Now, you must have seen these people on the streets of Portland, or at least elements of them. So in essence, it's almost like doing a caricature of someone people are familiar with, but might not know personally. Is it going to be hard to go back to Portland, and sit, and watch the people there, and not point to certain individuals out the crowd, thinking, "That person would make a great character for the show!"

Fred Armisen: Oh. I haven't done that yet. We shot in August, and then I came right back to New York. So that is yet to be seen. I trust that I will be able to enjoy it without thinking everyone is someone I should do on the show.

I'd imagine that might be hard to do sometimes, especially if you sit down in a restaurant and you run into a strange and unique individual, as you are apt to in that particular area. That must take some brain restraint...

Fred Armisen: I know. Sometimes, when you are walking around, you spot people. And they are simply living caricatures. You know what I mean?

Yeah, that is especially true of Portland. And that's what is so much fun about watching the show.

Fred Armisen: They exist all over the place. I have seen them in other cities.

That is true. But there is something so off about the city of Portland that you perfectly nail in this show. Which makes it so amazing to watch. Now, with SNL coming back so soon, can you tell us what we might expect to see throughout the rest of this year?

Fred Armisen: Nobody knows. We don't even know what is happening this week.

There is a new show this week?

Fred Armisen: Yeah, yeah. There is a new show this week. And we do very little planning before hand. We just write. And see what works.

It seems like you guys sure are doing a lot more shows this year than last year. Is that off-base?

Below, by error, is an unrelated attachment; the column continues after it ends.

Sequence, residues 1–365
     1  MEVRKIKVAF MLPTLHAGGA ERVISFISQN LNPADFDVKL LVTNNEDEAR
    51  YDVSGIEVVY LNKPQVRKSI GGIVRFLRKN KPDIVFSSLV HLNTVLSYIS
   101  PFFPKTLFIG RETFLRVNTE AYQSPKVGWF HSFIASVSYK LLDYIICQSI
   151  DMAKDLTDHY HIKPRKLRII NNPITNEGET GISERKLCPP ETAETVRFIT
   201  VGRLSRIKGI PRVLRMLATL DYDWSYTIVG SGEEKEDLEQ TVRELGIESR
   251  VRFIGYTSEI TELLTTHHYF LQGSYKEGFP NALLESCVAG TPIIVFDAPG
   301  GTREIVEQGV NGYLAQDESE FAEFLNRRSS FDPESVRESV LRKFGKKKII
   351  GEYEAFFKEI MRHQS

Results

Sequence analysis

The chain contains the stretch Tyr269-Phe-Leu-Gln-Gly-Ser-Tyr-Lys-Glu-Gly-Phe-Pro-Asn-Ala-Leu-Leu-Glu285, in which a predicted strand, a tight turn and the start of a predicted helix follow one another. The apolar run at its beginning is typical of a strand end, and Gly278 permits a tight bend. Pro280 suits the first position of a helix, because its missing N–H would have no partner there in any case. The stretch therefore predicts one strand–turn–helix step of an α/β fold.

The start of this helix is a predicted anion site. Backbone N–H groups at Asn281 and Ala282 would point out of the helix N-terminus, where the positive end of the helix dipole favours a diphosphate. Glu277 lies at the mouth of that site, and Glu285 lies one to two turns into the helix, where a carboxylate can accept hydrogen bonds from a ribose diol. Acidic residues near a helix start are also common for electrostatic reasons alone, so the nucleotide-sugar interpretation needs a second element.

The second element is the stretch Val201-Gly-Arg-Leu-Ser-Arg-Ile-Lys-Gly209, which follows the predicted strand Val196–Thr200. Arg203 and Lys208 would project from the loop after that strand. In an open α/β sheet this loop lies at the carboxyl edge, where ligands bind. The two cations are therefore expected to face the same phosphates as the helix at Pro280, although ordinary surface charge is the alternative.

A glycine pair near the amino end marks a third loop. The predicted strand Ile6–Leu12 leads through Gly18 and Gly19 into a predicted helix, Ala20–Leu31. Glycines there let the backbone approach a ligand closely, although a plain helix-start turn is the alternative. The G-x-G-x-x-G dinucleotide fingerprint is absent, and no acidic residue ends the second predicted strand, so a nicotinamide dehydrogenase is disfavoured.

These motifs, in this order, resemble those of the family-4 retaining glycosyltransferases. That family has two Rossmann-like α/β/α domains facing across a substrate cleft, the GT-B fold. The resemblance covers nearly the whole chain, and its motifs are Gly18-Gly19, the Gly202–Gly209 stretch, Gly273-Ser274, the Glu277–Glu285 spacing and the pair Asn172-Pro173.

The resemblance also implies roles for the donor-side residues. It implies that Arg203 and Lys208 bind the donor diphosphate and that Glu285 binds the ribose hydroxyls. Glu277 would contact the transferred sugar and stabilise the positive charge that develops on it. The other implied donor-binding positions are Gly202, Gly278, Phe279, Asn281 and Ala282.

Fred Armisen: No, no. It's about the same. We do twenty a year. Maybe twenty-two. We had a very short Christmas break this year. That may be why it seems that way. But we're locked for twenty-two shows this year.

Do you have any new characters that you are looking to bust out on SNL soon, and with that question comes my last question...Is it hard not to save any particular character for yourself later, thinking, "Gosh, I really should use this guy on Portlandia, and maybe not SNL"?

Fred Armisen: No. I never save anything. If something comes to me, I feel very luck. Like, "Oop! I just came up with an idea!" That is all total luck. It is a nice day when something comes my way. Like, here we are!

So, saving characters is not something you do when you are immersed in one particular project. Your whole heart goes into whatever you are working on in the moment?

Fred Armisen: Yes. You can never control timing like that. You can never control when something is going to work, and when something is not going to work. You just cannot control it. You don't want to save it, you might not get to use it. If something comes to me, I want to use it while I can, you know?

B. Alan Orange